Acute childhood leukemias can be divided into four major categories as follows.
- ALL = acute lymphoblastic leukemia (75%)
- AML= acute myelogenous leukemia (20%)
- NHL = non-Hodgkin’s lymphomas (4-5%)
- Burkitt’s lymphoma (part of NHL) (small fraction of NHL)
There are three more common acute childhood leukemias, acute lymphoblastic leukemia (ALL), acute myelogenous leukemia(AML) and non-Hodgkin’s lymphoma (NHL). I apologize for the complex doctor terminology and the abbreviations. However, these terms are what anyone, who gets involved with the treatment of such a condition, will hear a lot in doctor’s offices and hospitals.
Causes of leukemia
Acute leukemia is the most common malignancy in children. It occurs in the bone marrow and may be common in childhood because the bones are experiencing a lot of changes with normal growth. 75% of the 2000 cases of childhood leukemia are ALL, 20% are AML and about 5% are NHL. The peak in incidence for ALL is between 2 and 6 years of age. It occurs more often in boys than in girls and is not observed in blacks. AML occurs more often in girls between the ages of 5 and 15 years. Beyond the age of 15 years boys are affected more commonly with AML.
Radiation effects of the atom bomb
Following the atom bomb explosions in Hiroshima and Nagasaki in 1945 people closest to the center of the explosion developed leukemia. Among children it was mostly ALL that they developed. The cell-toxic medications that are used to combat the ALL in childhood often caused Hodgkin’s disease when these children became adults.
The early days of neon lights
In the early days of neon lights there were reports of leukemia from unsafe neon light bulbs in school classes. It turned out that there had been a manufacturing problem where light bulbs were emitting X rays and the chronic exposure to X rays led to leukemia. This has not been a problem for decades, because manufacturers have strict controls to ensure this cannot happen again. But the myth (from a fact in the past) lives on.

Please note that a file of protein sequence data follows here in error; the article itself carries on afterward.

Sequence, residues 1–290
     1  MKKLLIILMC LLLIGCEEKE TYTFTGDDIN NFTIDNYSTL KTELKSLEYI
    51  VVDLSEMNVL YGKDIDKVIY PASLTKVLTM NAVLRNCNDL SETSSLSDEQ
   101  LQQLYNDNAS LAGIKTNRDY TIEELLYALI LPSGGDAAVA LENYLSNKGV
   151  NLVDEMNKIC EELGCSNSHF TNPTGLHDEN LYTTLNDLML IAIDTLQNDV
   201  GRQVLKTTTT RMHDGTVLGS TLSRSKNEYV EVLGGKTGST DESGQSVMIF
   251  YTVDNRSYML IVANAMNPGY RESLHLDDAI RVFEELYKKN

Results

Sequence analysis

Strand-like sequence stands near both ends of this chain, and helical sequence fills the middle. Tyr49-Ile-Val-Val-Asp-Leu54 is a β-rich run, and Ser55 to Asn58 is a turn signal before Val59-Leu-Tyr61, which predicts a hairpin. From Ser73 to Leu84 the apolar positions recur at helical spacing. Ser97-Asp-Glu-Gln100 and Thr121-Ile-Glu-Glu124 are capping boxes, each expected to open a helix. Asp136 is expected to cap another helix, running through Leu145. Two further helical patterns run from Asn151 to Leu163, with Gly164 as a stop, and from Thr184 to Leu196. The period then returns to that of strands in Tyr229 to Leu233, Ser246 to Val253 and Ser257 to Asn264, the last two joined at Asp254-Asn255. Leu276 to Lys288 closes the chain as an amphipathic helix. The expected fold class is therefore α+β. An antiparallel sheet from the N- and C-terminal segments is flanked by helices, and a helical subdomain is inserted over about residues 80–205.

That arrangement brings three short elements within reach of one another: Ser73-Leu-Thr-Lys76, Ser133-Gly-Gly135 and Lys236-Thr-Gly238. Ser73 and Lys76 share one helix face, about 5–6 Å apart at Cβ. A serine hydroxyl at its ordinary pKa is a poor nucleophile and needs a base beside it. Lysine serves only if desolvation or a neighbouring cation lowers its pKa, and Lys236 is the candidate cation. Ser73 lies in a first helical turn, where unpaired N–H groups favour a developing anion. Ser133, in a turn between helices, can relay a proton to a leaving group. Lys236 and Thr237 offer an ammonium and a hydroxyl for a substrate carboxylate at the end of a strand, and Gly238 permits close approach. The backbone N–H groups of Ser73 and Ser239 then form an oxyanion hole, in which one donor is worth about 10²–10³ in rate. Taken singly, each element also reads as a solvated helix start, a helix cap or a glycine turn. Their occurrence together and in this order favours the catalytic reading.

There is an increased risk for children to develop leukemia when the fetus is exposed to diagnostic X rays when a woman is in a first trimester pregnancy.
Benzene, a chemical that is used in industry with production of detergents, plastic manufacturing, insecticides and others, is a known cause of leukemia, mainly AML.
There is a hint that there likely is a genetic cause concerning the development of leukemia as Down syndrome (trisomy 21) has a 15-fold risk to develop leukemia than normal children do. There are other rare genetic abnormalities of which some are associated with a higher risk of leukemia. Finally, there is a link to certain viral infections such as Epstein-Barr virus, which can cause Burkitts lymphoma (if the population is starved as in Africa). On the other hand HTLV is a virus where two subtypes, HTLV-I and HTLV-II, have been characterized in the meantime and that have been associated with certain human leukemias.
Power lines and leukemia
There have been lengthy discussions about whether living near power lines could cause leukemia. Research in 2005 showed that there is a weak effect when you live very close to power lines, but the effect has been exaggerated by many.